The merest hint of rain being in the air and those ‘wally with a brolly’ headlines could then be dusted off to give everyone but Steve McClaren a chuckle during a fortnight that supporters of clubs from the Premier League and Championship view as little more than an inconvenience.
Some may still see this hiatus – the third in as many months – as an unwelcome distraction.
For the wider footballing public, however, there does seem to have been a palpable shift in mood thanks to not only last summer’s World Cup exploits but also a revamped international schedule that has brought a much-needed competitive edge to the autumn calendar.
No longer is a meeting with Croatia merely an excuse to wallow in the failures of the past by bringing to mind the image of McClaren, coffee cup in one hand and umbrella in the other, staring out across a sodden Wembley pitch as the Three Lions’ hopes of qualifying for Euro 2008 crashed via a 3-2 defeat. Instead, the talk ahead of tomorrow’s sell-out clash is of beating a World Cup finalist, of securing a place in the last four of the UEFA Nations League and of – whisper it very quietly – possibly lifting silverware next June.
Heady days, indeed, for a team who a little under 12 months ago looked to be going nowhere fast.
Sure, the curtain had come down on 2017 with back-to-back goalless draws at home to Brazil and Germany. A number of youngsters had also been blooded amid a quiet cull elsewhere that had seen Wayne Rooney, Chris Smalling and a couple of others exit stage left.
The country, though, remained far from convinced with even the subsequent kind draw for the group stages of the World Cup eliciting little more than a shrug of the shoulders along with the warning, ‘People said that about Iceland in Euro 2016 and look what happened’.
Gareth Southgate and his men, of course, confounded those sceptics – including yours truly – by going further than even the likes of Germany, Spain and Argentina.
Croatia ended dreams of reaching the final but the upwards trajectory has continued, albeit with an early stumble in the road via defeat to Spain in September.
Triumphing in the return a month later in Seville was an important marker, as it shook off in an instant the accusation that England cannot beat a major nation in competitive action.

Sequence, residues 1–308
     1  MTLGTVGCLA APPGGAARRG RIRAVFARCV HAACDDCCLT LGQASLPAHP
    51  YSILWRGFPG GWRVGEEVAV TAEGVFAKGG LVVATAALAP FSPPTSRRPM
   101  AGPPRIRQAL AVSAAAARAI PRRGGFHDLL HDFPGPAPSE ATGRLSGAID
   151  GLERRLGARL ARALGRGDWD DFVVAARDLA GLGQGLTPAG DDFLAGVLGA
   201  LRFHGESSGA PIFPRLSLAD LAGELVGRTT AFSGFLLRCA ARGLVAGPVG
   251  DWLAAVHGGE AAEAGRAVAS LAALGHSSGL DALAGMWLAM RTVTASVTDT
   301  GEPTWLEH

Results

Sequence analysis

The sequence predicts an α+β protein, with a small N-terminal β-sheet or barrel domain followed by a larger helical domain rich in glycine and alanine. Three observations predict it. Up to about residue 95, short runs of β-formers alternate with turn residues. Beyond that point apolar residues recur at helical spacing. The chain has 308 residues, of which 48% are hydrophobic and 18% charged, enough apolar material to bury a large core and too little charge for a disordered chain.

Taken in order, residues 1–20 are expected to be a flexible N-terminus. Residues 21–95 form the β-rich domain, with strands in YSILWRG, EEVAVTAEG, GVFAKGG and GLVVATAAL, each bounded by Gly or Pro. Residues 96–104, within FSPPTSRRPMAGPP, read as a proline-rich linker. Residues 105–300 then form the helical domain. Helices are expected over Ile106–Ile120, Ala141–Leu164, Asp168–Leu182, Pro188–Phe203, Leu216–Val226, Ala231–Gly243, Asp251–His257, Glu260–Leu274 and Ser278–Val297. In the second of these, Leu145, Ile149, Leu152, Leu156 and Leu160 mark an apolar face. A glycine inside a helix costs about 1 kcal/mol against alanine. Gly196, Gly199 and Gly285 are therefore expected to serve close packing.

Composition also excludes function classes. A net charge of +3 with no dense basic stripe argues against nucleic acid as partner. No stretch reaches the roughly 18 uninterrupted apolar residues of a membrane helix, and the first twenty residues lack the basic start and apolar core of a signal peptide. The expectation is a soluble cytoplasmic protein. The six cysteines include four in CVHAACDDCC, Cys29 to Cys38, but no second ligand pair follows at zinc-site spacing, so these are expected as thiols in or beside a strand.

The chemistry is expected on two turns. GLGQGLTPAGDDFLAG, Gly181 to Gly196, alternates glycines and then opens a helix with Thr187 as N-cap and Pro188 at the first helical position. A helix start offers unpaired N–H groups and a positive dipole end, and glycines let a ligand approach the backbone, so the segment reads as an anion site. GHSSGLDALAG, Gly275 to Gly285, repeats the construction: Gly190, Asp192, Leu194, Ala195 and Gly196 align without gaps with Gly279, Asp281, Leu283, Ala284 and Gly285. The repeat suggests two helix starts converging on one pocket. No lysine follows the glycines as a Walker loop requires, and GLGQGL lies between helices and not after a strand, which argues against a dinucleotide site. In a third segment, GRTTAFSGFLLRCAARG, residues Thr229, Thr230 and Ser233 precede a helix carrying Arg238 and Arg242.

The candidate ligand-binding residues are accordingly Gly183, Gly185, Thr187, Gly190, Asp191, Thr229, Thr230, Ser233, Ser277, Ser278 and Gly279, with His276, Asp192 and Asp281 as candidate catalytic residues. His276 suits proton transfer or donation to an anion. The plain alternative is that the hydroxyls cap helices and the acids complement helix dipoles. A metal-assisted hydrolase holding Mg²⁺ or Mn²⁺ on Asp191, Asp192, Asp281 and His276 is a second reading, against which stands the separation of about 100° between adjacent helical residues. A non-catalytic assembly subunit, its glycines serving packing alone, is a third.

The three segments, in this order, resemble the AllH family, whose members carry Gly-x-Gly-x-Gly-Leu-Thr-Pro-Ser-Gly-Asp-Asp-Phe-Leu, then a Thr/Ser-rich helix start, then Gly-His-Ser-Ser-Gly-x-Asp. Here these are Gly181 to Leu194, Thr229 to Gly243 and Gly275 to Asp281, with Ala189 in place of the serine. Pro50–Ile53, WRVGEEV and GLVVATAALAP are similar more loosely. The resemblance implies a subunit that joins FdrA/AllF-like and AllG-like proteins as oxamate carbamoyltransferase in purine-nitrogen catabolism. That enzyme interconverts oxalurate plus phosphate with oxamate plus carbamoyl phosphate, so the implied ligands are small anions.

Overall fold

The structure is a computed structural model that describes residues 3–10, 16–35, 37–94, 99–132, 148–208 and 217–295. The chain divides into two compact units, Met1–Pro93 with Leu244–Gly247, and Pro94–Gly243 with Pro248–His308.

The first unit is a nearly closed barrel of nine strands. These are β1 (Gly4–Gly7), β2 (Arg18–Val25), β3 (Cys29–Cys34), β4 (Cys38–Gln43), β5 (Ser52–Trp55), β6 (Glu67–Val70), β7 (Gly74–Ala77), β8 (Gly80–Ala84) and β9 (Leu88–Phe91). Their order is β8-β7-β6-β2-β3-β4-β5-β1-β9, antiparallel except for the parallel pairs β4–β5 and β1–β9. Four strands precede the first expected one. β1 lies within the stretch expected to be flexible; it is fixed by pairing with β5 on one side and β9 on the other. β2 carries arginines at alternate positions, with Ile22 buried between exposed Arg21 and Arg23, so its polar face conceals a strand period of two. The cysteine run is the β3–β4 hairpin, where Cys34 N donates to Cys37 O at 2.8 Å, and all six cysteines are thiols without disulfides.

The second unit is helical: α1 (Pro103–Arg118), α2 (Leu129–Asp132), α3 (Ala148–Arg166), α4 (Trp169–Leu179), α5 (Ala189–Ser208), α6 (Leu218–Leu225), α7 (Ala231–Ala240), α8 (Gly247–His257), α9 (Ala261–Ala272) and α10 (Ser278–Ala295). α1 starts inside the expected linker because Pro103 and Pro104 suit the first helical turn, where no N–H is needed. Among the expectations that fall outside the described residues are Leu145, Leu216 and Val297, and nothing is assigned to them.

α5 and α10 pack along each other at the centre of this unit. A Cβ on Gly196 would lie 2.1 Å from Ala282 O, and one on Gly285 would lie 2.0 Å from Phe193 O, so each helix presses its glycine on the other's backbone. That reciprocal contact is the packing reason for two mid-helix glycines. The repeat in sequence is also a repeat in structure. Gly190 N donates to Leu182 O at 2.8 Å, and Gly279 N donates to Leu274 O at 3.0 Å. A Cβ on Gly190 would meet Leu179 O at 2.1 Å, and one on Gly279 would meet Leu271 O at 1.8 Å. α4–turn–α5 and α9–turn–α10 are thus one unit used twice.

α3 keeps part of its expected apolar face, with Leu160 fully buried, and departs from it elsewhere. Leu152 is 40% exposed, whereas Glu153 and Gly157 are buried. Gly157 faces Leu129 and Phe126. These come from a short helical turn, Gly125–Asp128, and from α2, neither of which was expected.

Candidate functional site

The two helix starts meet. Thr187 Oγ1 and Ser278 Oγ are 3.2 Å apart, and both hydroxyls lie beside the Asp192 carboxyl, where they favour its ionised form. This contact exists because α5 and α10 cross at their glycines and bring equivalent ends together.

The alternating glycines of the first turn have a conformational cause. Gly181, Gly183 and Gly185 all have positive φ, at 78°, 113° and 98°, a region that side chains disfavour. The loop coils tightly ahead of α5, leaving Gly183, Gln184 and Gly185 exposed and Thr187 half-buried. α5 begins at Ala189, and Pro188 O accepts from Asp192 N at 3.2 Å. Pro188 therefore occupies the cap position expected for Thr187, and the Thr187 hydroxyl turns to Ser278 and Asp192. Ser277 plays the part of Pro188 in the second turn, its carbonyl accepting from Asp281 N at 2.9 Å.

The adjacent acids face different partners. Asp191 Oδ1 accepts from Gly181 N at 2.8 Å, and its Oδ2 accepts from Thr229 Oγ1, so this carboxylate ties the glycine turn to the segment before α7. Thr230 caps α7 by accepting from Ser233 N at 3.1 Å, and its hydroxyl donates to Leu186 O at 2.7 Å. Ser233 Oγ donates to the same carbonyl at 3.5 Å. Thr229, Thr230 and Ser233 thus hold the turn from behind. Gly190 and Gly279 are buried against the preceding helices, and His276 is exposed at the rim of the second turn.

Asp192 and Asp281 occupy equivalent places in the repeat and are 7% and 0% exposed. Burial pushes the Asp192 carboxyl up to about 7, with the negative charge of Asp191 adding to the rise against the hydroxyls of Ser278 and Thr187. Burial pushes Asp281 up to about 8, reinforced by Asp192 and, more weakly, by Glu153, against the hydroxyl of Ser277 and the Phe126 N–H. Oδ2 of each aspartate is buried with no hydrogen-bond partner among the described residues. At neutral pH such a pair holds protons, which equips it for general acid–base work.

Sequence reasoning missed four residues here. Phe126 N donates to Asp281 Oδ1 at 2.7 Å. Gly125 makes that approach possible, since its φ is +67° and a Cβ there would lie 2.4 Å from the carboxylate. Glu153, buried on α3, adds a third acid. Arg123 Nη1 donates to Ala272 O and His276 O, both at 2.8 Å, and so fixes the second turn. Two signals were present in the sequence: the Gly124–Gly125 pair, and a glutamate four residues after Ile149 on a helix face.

That this win came following an overhaul of the set-up that had taken the Three Lions to the last four in Russia meant Southgate had also passed a big test of his own with flying colours.
“To stand still is to go backwards,” is a phrase credited to umpteen figures in sport, business and politics down the years. Southgate’s actions since the World Cup prove he is a man with no intention of resting on his laurels. He ruthlessly ditched the three-man backline that in the summer had been designed to protect a defence largely untried at the top level.
In its place came a set-up that not only underlined the manager’s faith in Harry Maguire and John Stones to operate as a defensive pair but also got more bodies into midfield, the area where the World Cup semi-final against Croatia had been lost.
England’s dominance in Rijeka last month – only the profligacy of Marcus Rashford allowed Zlatko Dalic’s men to escape with a point from a goalless draw – suggested Southgate had got it right again.
Just, it should be said, as he had in the immediate aftermath of the World Cup by failing to bow to calls for his players to be afforded a homecoming parade similar to the one that greeted Bobby Robson’s squad after Italia ’90. Leaving aside the unlikelihood that any of the current crop would don a pair of plastic breasts a la Gazza 28 years ago, Southgate’s thinking was sound.
By all means be proud of what England achieved but don’t let that be the pinnacle.
A simple message but one that clearly resonates with a group who are tomorrow expected to step out at Wembley shortly before 2pm in sunshine as bright as the future is shaping up to be for Southgate’s Three Lions.